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According to a recent article published in the journal Cancer, the chemotherapy combination consisting of topotecan (Hycamtin®) and cytarabine (Ara-C®) appears to be effective in the treatment of myelodysplastic syndromes. This combination may also offer a safe alternative to standard anthracycline-containing regimens, particularly for the elderly with this disease.

Myelodysplastic syndromes (MDS) are a group of blood (hematologic) disorders that are diagnosed in 10,000–20,000 individuals annually in the U.S. MDS occurs when immature blood cells do not mature properly. Consequently, these blood cells are never able to perform their intended function; they crowd out normal blood cells in the bone marrow, often inhibiting other cells from performing their intended functions.

The different classifications of MDS range from low-risk to high-risk. Low-risk patients often have less aggressive disease and may be managed with blood transfusions (referred to as transfusion-dependent) or agents that stimulate red blood cell growth, such as Aranesp®. High-risk patients may need more aggressive management for treatment of their disease.

Unfortunately, patients with MDS are often elderly or have other existing medical conditions that make it difficult for them to tolerate intensive chemotherapy regimens with standard anthracycline-based chemotherapy drugs. Researchers continue to evaluate different treatment options that maintain effectiveness and are easier for these patients to tolerate.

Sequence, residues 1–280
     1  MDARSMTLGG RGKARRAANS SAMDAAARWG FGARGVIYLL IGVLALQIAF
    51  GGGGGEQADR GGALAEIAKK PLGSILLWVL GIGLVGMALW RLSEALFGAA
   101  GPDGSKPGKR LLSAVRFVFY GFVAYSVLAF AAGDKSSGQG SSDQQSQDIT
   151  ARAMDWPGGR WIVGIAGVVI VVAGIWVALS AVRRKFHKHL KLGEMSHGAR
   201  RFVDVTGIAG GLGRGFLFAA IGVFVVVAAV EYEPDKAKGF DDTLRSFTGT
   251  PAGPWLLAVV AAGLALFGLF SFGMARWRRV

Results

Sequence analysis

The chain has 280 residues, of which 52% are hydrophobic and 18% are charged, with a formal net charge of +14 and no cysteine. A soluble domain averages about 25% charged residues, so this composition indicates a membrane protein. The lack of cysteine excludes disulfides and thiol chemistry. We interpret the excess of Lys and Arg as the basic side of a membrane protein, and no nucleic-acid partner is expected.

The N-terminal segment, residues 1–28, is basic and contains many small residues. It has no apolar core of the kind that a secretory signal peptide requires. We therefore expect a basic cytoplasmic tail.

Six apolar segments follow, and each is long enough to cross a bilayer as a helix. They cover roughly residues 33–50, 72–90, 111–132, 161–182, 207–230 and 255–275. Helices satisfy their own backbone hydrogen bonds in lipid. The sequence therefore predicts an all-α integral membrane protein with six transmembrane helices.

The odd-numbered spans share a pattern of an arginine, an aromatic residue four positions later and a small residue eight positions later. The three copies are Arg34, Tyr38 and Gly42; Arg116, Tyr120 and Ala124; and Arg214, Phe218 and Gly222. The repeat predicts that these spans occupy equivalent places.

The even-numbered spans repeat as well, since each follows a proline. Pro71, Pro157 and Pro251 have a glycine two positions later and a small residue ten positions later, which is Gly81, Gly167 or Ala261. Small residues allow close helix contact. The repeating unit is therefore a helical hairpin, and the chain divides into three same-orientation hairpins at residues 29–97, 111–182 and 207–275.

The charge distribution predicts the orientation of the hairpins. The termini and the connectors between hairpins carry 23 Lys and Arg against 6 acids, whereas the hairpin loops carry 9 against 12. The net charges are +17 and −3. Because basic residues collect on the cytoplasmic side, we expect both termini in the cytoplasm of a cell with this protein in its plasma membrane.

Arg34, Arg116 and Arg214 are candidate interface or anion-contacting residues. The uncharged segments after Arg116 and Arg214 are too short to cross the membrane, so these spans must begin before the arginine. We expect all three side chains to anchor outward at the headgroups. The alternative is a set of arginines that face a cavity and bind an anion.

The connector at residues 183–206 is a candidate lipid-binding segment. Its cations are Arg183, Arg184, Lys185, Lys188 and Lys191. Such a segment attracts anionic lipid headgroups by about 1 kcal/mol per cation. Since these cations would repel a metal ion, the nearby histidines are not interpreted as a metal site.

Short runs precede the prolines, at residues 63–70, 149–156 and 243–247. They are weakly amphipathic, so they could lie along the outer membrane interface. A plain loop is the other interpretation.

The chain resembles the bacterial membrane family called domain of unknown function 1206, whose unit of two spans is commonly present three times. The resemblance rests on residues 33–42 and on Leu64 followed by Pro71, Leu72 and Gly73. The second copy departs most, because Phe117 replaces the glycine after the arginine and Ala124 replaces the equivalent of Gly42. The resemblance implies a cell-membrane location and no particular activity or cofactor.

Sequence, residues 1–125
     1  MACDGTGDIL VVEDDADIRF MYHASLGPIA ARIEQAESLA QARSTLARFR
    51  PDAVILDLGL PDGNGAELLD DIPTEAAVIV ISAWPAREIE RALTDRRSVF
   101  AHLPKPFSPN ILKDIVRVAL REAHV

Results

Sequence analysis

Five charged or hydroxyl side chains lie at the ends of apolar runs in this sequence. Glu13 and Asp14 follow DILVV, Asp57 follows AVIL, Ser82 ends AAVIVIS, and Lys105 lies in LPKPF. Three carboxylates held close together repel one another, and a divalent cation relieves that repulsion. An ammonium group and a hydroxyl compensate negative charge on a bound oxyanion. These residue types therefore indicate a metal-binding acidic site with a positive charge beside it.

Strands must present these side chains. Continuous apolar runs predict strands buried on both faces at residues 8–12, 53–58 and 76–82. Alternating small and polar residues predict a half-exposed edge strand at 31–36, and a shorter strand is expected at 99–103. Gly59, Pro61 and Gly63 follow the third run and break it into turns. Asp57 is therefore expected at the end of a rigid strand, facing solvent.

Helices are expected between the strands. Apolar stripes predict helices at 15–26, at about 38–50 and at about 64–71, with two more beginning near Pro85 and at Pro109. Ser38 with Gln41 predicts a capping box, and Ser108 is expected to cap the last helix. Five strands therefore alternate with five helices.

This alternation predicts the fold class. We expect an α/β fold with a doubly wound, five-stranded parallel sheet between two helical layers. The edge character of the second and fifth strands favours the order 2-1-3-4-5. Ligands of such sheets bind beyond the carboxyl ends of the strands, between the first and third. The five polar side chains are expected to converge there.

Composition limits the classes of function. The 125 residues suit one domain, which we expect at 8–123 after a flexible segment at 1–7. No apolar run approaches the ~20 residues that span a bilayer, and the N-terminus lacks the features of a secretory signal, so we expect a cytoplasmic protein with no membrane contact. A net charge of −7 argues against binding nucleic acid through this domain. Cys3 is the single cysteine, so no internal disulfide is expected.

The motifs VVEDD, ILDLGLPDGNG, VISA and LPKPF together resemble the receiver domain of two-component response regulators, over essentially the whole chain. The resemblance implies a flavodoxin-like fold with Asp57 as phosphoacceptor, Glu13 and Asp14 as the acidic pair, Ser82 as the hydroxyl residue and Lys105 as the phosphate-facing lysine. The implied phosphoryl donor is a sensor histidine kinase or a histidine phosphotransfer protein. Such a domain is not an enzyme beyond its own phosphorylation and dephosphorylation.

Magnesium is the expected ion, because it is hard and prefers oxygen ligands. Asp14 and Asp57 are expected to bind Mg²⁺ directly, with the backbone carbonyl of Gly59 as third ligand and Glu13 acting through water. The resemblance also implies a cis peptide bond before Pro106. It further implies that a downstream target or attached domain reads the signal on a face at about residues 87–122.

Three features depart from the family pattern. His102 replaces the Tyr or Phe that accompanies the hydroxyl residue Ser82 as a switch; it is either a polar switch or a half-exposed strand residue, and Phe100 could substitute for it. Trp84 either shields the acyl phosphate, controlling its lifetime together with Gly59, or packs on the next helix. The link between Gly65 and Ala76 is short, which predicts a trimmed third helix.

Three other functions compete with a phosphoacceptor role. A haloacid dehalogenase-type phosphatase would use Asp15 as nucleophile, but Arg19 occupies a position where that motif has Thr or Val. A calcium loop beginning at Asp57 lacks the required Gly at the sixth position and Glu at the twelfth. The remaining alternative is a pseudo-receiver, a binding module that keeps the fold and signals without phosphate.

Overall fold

Researchers from the MD Anderson Cancer Center recently evaluated data to compare topotecan plus cytarabine with other chemotherapy combinations in the treatment of progressive or high-risk MDS. The study included 510 patients who were treated with one of the following chemotherapy combinations: topotecan/cytarabine; idarubicin/cytarabine; topotecan/cytarabine/cyclophosphamide; or fludarabine/cytarabine.

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  • There were no significant differences among the four treatment groups in terms of anticancer responses and survival rates.
  • Treatment with topotecan/cytarabine resulted in fewer deaths from initial therapy than other regimens.

The researchers concluded that the chemotherapy combination consisting of topotecan plus cytarabine resulted in at least as favorable outcomes as anthracycline-containing regimens. In addition, the topotecan-plus-cytarabine combination was associated with fewer deaths during initial courses of therapy.

The researchers stated that treatment with topotecan plus cytarabine may be considered an alternative to the standard regimen of idarubicin/cytarabine for progressive or high-risk MDS. Patients with MDS may wish to speak with their physician regarding their individual risks and benefits of various treatment regimens for their disease.

Reference: Kantarjian H, Beran M, Cortes J, et al. Long-term follow-up results of the combination of topotecan and cytarabine and other intensive chemotherapy regimens in myelodysplastic syndrome. Cancer. 2006;106: 1099–1109.

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